Wheat and grain farmers in Argentina have called for a seven-day strike to protest the government’s export quotas which they say prevents them for taking advantage of rising global food prices and keeps domestic prices artificially low.

Argentine farmers enacted a similar strike three years ago which helped to drive up food prices around the world to record highs.

However, the current strike is largely symbolic since the harvest has not yet commenced. Immediate exports of wheat, soy, and other grains are expected to be negatively impacted. Still, with fears of rising food prices around the world, any perception of a supply disruption could make things worse.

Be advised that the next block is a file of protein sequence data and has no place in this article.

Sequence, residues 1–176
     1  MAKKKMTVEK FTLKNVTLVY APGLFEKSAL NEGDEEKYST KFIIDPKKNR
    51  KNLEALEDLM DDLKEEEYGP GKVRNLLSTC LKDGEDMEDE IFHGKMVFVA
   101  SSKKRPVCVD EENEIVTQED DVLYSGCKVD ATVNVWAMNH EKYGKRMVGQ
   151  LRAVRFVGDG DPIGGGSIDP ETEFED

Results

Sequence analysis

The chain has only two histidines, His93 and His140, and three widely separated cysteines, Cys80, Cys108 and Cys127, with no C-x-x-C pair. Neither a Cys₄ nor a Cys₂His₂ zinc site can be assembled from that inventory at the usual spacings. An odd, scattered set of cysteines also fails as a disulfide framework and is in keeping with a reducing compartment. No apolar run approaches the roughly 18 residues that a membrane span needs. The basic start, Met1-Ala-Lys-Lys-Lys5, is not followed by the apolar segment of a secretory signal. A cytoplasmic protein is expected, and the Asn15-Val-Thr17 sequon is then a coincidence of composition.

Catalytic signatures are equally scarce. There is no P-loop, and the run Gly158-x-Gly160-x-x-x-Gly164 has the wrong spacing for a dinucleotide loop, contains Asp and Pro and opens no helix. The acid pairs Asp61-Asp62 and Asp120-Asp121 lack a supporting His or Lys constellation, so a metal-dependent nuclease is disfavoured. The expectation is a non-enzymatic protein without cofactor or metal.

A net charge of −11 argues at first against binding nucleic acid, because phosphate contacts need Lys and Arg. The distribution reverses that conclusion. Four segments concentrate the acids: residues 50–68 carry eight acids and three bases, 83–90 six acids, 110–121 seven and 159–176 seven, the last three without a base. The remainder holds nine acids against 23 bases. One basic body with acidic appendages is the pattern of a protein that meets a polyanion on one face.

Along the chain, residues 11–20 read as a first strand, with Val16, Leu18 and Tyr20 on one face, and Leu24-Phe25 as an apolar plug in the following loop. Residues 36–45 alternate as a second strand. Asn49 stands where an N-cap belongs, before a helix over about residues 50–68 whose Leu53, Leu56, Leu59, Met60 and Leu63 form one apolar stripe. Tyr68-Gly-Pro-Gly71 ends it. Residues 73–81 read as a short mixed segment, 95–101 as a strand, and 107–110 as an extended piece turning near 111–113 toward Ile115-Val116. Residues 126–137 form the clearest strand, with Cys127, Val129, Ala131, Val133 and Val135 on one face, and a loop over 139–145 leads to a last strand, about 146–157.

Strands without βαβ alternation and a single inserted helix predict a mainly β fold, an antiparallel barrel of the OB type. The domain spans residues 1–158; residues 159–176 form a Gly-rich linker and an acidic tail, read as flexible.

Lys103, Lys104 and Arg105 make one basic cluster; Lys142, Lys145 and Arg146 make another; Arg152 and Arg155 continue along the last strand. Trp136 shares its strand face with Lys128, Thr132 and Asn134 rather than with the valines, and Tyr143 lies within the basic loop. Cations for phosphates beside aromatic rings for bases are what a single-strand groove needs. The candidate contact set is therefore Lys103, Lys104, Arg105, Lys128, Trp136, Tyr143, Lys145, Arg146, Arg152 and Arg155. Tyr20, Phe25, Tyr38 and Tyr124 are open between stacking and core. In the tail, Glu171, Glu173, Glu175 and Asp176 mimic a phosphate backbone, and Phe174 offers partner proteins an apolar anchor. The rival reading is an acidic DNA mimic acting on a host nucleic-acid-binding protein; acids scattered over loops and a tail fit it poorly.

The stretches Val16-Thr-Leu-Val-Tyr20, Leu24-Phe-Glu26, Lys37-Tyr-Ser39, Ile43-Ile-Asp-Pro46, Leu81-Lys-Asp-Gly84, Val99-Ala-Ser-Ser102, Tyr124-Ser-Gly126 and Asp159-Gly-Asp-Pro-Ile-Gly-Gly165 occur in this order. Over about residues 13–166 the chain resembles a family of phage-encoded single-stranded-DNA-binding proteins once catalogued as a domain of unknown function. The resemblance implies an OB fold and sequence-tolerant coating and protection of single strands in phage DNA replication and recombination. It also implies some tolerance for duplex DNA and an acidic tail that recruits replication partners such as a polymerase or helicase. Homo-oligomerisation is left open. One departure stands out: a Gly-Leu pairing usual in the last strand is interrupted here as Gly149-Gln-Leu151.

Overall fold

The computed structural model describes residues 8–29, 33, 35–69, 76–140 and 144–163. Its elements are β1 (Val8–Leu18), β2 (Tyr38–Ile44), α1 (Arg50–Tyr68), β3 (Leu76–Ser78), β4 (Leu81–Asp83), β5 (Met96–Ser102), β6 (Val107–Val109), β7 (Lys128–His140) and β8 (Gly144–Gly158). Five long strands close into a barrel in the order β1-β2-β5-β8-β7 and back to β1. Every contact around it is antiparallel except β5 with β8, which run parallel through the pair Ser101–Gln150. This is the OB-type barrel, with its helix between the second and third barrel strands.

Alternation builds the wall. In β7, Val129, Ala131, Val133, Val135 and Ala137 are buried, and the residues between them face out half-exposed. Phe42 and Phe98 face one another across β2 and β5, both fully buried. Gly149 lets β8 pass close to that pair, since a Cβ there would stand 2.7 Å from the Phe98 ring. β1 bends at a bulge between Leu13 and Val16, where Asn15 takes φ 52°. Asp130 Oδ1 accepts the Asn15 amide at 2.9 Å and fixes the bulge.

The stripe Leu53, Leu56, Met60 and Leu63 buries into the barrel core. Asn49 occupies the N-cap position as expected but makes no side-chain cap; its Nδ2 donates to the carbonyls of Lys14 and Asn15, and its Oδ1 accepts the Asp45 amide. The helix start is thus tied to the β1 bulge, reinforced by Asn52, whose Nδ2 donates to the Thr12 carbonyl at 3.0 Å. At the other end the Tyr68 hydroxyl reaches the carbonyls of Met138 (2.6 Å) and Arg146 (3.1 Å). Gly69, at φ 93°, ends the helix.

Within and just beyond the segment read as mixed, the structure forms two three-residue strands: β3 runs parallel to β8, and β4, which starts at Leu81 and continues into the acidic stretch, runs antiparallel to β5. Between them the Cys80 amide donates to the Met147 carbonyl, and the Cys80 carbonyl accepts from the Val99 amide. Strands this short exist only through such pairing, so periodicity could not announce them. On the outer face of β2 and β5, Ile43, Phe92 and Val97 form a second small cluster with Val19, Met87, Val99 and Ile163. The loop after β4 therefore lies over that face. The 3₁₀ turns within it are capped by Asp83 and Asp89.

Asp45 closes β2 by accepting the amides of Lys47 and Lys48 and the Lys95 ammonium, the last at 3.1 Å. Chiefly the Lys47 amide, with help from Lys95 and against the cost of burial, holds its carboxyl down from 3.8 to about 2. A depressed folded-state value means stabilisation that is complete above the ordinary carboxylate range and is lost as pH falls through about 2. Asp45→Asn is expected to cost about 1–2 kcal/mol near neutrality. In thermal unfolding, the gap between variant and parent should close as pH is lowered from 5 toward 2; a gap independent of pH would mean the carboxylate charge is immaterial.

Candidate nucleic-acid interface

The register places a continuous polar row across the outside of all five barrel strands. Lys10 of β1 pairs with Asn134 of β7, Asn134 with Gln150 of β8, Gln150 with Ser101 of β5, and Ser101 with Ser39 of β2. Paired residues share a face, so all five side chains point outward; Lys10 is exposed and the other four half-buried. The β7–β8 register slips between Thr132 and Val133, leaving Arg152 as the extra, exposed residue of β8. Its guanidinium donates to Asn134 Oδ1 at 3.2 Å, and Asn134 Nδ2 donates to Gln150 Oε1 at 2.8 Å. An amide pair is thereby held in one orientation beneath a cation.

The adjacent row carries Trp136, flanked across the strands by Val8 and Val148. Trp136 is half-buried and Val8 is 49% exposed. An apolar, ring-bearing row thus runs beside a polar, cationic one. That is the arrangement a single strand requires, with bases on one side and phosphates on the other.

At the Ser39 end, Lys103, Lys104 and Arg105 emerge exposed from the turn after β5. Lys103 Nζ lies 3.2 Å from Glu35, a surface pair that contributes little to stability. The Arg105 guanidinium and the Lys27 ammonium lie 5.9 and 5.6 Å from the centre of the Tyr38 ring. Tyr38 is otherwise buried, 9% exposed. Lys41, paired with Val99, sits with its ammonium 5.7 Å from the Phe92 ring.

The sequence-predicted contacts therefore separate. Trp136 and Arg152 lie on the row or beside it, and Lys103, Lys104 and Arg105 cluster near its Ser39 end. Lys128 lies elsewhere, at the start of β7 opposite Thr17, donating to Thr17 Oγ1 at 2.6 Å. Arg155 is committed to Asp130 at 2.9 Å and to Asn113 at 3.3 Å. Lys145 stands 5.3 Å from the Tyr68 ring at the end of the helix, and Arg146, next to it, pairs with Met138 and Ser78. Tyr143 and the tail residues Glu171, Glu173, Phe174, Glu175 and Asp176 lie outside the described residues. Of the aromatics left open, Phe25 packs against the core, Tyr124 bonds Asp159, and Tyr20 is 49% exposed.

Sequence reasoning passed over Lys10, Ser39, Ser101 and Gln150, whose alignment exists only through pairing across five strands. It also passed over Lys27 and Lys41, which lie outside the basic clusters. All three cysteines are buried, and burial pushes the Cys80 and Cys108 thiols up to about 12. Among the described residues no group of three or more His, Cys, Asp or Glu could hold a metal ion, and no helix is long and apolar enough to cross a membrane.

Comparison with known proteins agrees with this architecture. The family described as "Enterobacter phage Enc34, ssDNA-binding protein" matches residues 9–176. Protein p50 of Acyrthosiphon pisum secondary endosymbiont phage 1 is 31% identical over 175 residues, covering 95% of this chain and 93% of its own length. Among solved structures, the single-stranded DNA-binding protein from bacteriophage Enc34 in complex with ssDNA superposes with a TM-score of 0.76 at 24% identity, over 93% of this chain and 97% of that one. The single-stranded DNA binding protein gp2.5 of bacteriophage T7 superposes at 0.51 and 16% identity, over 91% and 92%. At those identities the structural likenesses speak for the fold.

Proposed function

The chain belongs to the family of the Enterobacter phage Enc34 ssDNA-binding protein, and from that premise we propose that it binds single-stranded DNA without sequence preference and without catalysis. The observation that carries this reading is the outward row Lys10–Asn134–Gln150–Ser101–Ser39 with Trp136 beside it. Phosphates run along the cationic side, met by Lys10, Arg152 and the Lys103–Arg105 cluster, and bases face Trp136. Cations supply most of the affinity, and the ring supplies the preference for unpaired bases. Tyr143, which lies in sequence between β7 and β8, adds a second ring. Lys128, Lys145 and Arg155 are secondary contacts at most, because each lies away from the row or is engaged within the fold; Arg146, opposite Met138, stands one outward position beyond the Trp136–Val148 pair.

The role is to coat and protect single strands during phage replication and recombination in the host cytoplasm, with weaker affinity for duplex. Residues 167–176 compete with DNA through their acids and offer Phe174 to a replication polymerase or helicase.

Argentine farmers and the government of President Cristina Fernandez have long battled over agricultural policies. The government contends that export quotas clamp down on inflation and sustains domestic grain supplies. Farmers and their unions contend that export limits only benefits foreign commodity traders.

We must improve and normalize grains trade in Argentina, especially for wheat and corn, said Eduardo Buzzi of the Argentine Agrarian Federation, one group that is protesting. Farmers lose fortunes, and consumers pay more for their daily bread.

Buzzi also said that protests will likely continue over the next few weeks.

Julian Dominguez, the country’s agricultural minister, Julian Dominguez, criticized the strike, but conceded that grain farmers are not earning what they should be earning for their products.

As for President Fernandez, she is expected to run for re-election in nine months and an ongoing strike in the key agricultural sector would be a thorn on her side.